The first Subaru BRZ was a lightweight, compact, rear-wheel-drive sports coupe in an age that saw consumers abandon, in droves, fun-to-drive cars for enormous crossovers. In other words, it was practically destined to be a single-generation flash of automotive history. Eight years in the market was a long time, but the good news was that Subaru has been working on a successor. The even better news is, it seems to largely carry on the spirit of the first.
Of course, the question on everyone’s mind is, does it have more power? The answer is yes, the Subaru FA24 flat-four now kicks out 228 horses and 184 pound-feet of torque. That’s 23 more horsepower and 28 more pound-feet, thanks to a larger displacement of 2.4-liters. And, the peak torque at 3,700 rpm should address the torque dip concerns of the current gen.
It’s perhaps not the bump everyone was hoping for. But, there was no way Toyota was going to let the inevitable 86 variant overshadow the new Supra, which now comes in a four-cylinder flavor making 255 horsepower.
Encouragingly, though, despite ever-tightening regulations Subaru has managed to keep the curb weight at 2,815 pounds for the lightest trim. That’s just 17 pounds more than the outgoing model. And Subaru, thank the touge gods, kept the compact dimensions largely in tact. It’s only about an inch longer than the current gen and almost half an inch lower. All in all, it holds a better power-to-weight ratio than even the four-cylinder Supra.
The width stays the same despite a wider track, though Subaru hasn’t said how much. Other improvements, according to Subaru, include a center of gravity even lower than the previous model and a new Sport mode that automatically blips your throttle during downshifts. And, it still comes in a 6-speed transmission (though an automatic is offered as well).
The suspension continues on with struts in front and a double-wishbone rear. Subaru claims that the new chassis, built atop their global modular architecture, increases rigidity by 60 percent for improved turn-in and response.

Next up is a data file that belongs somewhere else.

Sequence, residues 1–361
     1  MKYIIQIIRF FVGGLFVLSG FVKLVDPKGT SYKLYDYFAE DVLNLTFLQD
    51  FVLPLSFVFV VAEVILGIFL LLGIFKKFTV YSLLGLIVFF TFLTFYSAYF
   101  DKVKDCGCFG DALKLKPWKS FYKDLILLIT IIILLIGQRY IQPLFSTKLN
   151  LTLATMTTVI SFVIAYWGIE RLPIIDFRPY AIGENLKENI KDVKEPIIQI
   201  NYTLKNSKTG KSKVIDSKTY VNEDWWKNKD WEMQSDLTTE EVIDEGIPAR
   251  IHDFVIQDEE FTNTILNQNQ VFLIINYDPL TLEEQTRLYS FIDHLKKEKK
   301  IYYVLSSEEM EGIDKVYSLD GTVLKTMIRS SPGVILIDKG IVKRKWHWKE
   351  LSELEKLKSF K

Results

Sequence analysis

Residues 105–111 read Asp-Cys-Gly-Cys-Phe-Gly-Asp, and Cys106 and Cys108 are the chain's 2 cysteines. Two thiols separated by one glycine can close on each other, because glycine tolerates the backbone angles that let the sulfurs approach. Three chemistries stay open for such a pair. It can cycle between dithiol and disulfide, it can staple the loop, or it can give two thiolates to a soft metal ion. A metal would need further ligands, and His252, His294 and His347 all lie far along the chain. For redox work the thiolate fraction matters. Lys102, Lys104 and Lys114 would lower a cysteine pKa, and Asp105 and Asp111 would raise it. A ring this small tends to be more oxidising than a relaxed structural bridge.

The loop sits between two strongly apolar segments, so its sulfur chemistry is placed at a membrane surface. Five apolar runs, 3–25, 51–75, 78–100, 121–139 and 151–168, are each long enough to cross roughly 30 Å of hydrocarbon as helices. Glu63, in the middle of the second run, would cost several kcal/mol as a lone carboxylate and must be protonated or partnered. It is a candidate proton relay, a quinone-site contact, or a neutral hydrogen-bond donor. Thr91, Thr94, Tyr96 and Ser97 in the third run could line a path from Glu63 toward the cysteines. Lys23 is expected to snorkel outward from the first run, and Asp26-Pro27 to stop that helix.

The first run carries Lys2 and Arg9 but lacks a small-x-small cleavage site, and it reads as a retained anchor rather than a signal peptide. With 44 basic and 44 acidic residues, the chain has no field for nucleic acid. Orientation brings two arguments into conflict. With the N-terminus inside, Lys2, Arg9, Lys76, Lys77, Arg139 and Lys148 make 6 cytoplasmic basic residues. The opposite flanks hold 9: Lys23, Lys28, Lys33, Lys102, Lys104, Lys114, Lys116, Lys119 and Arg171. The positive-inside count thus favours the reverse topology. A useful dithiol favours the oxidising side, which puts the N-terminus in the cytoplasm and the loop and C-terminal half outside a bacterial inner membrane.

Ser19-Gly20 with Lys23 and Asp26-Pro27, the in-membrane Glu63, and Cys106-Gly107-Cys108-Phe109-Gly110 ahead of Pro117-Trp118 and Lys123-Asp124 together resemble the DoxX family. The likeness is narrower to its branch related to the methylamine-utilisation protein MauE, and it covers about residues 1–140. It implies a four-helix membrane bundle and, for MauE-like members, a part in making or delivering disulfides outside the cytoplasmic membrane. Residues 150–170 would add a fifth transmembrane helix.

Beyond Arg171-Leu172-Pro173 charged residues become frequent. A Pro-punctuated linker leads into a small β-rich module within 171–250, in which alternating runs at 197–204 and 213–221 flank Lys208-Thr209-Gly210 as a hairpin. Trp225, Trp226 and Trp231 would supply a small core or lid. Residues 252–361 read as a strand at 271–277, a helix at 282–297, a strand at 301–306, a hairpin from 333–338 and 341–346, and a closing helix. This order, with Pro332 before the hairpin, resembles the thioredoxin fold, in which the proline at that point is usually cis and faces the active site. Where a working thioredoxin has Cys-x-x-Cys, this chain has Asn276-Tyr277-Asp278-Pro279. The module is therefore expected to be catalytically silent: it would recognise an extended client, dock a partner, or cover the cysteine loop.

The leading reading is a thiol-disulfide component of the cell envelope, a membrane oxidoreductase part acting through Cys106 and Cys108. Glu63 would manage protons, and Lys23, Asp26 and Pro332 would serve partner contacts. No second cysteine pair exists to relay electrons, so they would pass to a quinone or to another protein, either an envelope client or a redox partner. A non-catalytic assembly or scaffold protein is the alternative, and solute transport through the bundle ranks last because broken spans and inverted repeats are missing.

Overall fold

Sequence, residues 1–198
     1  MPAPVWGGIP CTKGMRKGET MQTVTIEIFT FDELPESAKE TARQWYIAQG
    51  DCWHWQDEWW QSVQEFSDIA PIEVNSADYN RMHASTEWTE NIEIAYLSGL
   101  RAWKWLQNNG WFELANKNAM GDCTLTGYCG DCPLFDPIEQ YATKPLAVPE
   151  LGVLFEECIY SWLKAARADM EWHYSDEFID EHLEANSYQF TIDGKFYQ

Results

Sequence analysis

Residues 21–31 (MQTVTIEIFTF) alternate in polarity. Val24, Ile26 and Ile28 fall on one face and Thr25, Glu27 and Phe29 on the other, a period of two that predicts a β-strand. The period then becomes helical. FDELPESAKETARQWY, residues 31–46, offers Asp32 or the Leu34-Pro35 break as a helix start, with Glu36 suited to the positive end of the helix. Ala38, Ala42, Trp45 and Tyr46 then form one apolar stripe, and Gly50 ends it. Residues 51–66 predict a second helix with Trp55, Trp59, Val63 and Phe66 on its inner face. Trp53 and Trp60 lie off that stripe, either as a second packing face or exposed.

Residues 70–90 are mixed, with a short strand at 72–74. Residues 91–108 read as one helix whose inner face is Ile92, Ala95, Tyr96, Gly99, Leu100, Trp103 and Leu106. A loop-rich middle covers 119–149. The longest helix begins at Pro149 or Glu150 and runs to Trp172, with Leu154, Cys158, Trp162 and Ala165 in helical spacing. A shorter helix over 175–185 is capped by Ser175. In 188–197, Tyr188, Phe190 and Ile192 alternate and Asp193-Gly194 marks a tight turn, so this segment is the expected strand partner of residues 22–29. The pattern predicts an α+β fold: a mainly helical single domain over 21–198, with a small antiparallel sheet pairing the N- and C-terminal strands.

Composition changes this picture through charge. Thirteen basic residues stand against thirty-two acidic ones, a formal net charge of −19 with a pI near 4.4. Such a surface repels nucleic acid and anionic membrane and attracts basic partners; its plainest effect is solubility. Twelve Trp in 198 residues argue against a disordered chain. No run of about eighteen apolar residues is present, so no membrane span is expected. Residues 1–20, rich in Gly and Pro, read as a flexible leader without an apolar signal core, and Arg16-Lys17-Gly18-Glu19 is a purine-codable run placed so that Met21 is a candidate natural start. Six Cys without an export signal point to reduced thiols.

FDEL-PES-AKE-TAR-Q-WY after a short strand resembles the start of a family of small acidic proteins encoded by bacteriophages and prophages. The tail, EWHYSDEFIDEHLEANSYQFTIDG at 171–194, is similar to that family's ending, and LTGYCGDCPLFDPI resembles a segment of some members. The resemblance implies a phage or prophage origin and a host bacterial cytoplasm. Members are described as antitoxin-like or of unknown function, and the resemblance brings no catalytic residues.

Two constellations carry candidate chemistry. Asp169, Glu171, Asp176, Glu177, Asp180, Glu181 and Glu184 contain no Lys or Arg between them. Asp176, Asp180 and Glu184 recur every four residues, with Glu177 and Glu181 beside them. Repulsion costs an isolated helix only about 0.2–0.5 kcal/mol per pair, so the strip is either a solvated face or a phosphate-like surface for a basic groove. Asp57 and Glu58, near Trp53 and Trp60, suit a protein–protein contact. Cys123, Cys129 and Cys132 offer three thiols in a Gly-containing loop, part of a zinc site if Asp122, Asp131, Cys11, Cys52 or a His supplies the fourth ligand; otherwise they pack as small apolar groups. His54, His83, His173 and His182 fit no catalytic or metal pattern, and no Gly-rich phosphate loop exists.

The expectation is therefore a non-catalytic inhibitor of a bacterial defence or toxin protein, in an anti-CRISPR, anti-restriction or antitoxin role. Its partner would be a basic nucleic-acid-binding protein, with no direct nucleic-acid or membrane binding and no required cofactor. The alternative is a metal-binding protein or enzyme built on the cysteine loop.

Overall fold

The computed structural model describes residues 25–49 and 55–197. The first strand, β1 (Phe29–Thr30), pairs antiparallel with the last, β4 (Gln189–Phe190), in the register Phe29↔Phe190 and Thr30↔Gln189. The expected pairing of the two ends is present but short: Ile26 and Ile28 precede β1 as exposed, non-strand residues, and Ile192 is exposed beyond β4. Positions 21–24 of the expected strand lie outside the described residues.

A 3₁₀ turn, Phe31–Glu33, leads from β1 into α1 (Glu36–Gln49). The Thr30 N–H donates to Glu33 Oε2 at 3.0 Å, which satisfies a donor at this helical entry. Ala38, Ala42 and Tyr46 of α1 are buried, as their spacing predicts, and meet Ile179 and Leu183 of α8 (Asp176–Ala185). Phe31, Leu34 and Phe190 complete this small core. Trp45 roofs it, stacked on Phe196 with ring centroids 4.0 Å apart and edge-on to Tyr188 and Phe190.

Inside, the BRZ keeps its driver-focused cabin, now with a larger info touchscreen. Addressing the complaints of many drivers, the VSC system now offers five settings and has been revamped so it doesn’t kick in so early. It can also be turned off entirely.
A digital instrument pod keeps the tach front and center, and a readout can be selected to display a g-meter, water temp, or amps. When in track mode, the tach turns into a color linear graph for rpms at a quick glance.
Design-wise, the new BRZ doesn’t look quite as sharp as the previous model. Many of the edges have been rounded out, and it looks a bit like a chubby baby Lexus RCF. Subaru says the fender vents and wide side sill spoilers are functional, though. Wheels measure 17 inches standard on 215/45 tires, or 18 inches on 215/40 rubber for the Limited trim.
Whenever there’s a generational change, there’s always the danger of feature bloat, as well as actual bloat. Fortunately, Subaru seems to have kept true to the original’s formula. Why fix it if it ain’t broke? While design is subjective and the power increase might not be as much as people wanted, those who loved and understood the BRZ for its core principles — lightness, nimbleness, and affordability — will likely be pleased. We look forward to some seat time to find out more.